Looking to escape the humidity of Cincinnati this summer? Then you might want to dust off your digital camera and head to Mackinac Island in Northern Michigan. Visiting the island is like taking a stroll back in time, replete with horse-drawn carriages, quaint Victorian architecture and a charming community of 500 permanent residents, where the focus is on rest and relaxation.

"It's so incredibly beautiful here," says Mary McGuire Slevin, the director of the Mackinac Island Tourism Bureau. "It's peaceful, it's pretty, and you can mosey."

Mackinac Island is also known as The Island of the Great Turtle because of the shape of the island. Be sure to bring your walking shoes. Cars are restricted. The best ways to get around are walking, bicycling, horseback or horse-drawn carriages. The island is home to more than 600 horses.

Each July, the island hosts the Mackinac Island Festival of the Horse where visitors can tour historic Victorian barns, watch an antique carriage show, let the kids ride a pony and hear lectures on the role of horses in Mackinac Island's history. This year's festival is July 20-24.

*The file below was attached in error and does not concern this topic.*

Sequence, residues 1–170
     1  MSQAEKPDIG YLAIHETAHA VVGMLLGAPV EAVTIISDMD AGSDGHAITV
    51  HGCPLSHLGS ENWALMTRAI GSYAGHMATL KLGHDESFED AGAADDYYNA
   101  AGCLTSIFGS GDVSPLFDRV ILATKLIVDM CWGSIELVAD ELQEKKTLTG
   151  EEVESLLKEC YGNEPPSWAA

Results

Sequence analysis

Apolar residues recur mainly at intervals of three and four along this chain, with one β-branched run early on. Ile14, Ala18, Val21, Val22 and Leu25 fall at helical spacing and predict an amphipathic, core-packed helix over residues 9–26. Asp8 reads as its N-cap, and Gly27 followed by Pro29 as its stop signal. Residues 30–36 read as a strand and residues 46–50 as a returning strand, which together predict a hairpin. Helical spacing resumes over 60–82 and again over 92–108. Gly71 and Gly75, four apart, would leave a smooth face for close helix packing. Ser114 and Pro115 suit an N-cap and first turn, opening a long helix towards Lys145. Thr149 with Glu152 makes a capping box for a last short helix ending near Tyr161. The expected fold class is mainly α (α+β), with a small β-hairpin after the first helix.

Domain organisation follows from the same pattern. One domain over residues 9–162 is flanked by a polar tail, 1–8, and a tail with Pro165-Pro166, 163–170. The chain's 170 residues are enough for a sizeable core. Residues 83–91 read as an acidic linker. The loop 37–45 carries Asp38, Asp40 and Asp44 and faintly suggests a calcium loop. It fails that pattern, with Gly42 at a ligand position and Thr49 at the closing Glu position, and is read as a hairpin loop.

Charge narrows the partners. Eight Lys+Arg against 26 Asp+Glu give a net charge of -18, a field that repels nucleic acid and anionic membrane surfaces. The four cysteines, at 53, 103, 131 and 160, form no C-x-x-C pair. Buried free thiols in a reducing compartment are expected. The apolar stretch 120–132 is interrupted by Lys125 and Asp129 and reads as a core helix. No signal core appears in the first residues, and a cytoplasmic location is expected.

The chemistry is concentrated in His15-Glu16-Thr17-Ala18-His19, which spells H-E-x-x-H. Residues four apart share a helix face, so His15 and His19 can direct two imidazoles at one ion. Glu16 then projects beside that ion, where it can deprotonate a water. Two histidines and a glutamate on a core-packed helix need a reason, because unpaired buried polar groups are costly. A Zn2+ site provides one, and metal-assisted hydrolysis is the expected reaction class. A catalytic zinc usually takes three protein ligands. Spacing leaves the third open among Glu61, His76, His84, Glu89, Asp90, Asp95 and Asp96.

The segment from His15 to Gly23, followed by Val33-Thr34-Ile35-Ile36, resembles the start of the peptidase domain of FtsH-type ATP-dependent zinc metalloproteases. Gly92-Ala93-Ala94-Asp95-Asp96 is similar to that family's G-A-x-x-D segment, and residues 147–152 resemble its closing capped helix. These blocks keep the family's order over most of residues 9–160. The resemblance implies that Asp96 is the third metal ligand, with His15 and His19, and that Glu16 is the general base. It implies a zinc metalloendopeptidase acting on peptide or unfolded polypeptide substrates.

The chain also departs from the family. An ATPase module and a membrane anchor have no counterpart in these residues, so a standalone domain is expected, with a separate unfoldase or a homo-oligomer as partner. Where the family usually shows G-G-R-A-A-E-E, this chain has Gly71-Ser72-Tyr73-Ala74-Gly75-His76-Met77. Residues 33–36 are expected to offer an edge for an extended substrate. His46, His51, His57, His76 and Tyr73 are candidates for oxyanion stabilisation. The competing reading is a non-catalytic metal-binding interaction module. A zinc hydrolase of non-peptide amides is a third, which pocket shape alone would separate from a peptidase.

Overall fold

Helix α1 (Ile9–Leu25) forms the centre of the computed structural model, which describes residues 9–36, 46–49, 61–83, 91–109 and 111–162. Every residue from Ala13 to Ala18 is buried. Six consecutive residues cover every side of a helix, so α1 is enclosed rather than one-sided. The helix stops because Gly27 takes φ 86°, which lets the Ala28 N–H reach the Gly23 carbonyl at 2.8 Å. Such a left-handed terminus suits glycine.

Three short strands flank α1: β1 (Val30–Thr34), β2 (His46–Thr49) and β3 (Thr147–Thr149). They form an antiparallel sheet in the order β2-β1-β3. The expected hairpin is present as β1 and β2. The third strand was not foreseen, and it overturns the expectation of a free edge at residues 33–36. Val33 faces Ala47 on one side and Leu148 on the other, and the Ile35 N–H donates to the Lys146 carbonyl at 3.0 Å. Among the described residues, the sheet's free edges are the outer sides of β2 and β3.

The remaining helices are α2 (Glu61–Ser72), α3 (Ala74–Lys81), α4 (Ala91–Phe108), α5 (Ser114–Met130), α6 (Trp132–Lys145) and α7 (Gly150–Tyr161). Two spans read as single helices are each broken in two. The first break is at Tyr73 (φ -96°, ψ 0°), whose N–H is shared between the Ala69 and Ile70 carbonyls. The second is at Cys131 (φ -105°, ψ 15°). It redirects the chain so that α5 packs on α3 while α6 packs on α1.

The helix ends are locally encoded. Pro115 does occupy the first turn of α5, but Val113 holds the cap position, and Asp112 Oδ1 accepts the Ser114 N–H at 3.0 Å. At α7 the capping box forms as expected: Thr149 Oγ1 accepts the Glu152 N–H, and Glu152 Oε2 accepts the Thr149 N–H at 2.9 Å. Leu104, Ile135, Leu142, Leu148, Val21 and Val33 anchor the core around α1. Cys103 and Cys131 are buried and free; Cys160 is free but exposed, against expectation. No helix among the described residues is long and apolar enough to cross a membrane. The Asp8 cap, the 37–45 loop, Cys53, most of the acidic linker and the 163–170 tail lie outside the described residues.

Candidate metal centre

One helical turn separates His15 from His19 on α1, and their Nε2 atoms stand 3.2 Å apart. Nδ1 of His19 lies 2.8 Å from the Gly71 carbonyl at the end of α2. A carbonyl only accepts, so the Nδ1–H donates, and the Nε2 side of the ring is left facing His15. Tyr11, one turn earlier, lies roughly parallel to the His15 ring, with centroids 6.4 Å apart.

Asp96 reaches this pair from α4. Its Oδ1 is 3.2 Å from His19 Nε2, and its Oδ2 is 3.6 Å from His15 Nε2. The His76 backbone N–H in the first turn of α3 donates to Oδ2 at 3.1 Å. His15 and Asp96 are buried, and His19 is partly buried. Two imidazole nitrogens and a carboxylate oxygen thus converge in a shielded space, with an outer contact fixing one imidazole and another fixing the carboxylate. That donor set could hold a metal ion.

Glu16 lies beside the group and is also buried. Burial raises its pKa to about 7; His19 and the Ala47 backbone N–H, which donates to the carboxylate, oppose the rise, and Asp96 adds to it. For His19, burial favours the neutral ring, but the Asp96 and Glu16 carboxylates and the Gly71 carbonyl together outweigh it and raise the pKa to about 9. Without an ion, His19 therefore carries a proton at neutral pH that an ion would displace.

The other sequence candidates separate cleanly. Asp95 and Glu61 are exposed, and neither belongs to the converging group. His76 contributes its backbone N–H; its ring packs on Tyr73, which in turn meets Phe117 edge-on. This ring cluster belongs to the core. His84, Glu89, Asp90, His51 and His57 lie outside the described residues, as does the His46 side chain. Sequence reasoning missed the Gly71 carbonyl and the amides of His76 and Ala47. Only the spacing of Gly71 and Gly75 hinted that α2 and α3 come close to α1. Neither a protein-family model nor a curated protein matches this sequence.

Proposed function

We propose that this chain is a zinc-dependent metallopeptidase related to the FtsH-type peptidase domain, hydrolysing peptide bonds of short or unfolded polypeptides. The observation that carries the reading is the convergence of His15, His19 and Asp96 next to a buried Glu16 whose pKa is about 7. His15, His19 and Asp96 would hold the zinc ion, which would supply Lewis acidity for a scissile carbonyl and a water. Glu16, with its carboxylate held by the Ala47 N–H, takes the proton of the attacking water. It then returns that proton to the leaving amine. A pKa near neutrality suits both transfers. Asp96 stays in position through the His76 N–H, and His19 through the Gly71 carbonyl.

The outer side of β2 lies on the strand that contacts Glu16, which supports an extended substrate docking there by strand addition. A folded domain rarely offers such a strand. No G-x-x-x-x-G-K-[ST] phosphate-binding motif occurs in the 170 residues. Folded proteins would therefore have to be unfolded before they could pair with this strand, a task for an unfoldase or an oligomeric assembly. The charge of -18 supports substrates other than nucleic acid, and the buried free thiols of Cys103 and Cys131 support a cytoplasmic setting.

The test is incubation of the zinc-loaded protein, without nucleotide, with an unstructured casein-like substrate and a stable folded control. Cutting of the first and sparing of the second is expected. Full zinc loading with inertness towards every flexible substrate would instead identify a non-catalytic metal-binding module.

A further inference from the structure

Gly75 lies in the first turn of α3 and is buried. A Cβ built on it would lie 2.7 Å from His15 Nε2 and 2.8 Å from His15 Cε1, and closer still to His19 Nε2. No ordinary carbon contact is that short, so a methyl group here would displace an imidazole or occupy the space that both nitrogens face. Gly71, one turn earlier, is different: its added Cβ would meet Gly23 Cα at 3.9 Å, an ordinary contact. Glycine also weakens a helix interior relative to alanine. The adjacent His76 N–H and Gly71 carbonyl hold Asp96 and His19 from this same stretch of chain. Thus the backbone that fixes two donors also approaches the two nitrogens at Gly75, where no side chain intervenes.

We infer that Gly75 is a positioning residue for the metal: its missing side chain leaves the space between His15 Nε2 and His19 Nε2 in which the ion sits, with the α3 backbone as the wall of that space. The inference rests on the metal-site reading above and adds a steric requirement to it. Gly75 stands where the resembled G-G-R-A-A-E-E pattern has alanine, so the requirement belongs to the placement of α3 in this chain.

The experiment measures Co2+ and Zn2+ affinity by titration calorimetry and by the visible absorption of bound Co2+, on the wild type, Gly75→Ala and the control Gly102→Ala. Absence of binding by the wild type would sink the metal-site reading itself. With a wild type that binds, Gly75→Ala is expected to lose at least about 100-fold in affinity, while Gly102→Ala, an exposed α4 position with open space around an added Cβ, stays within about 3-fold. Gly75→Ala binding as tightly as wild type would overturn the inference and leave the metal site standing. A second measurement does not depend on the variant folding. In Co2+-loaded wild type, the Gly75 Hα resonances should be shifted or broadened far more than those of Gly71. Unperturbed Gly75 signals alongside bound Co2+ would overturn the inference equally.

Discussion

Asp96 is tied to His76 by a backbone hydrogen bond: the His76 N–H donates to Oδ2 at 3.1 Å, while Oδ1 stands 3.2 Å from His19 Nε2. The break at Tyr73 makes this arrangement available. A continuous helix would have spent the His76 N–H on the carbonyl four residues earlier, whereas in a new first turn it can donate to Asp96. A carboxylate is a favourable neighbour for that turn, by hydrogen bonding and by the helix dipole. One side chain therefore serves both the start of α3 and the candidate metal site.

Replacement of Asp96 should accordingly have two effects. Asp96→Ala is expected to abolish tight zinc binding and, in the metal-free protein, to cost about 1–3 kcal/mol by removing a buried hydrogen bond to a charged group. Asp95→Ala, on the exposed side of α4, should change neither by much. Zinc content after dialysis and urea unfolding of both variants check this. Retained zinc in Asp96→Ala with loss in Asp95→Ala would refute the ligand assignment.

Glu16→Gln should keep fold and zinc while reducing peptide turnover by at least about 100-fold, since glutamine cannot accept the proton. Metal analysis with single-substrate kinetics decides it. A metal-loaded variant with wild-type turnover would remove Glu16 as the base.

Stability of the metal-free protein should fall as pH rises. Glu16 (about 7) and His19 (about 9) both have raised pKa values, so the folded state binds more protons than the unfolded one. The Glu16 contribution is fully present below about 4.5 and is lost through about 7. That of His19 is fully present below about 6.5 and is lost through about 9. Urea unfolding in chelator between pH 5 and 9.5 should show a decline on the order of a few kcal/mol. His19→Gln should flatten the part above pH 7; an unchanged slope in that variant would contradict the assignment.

Mackinac Island has many types of architecture to inspire visitors, including: French Rustic, Colonial Revival with The Grand Hotel (the location of Somewhere in Time, a feature film starring Christopher Reeve, Jane Seymour and Christopher Plummer), the Stick Style, and Carpenter Gothic.

For folks who like to stay active there are opportunities for hiking, bicycling and horseback riding in Mackinac Island State Park, with more than 70 paved and unpaved trails available.

Golfers might want to try the Wawashkamo Golf Club, a par 72 course that was named one of America's Historic Golf Landmarks by Golf Digest magazine in 1996.

Enjoy a taste of Mackinac's famous fudge, a delicious combination of sugar, butter, chocolate and cream. Mackinac offers many fudge shops, including Murdick's, the oldest fudge shop on the island (they have been serving fudge since the late 1880s), with fudge options ranging from chocolate to amaretto to coconut to raspberry truffle.

According to McGuire Slevin, fudge lovers should try May's Blueberry Fudge, a special item that appears for a short time during the summer. If you are a vacationer obsessed with fudge ("fudgies" as the locals say), The Mackinac Island Fudge Festival is August 19-20.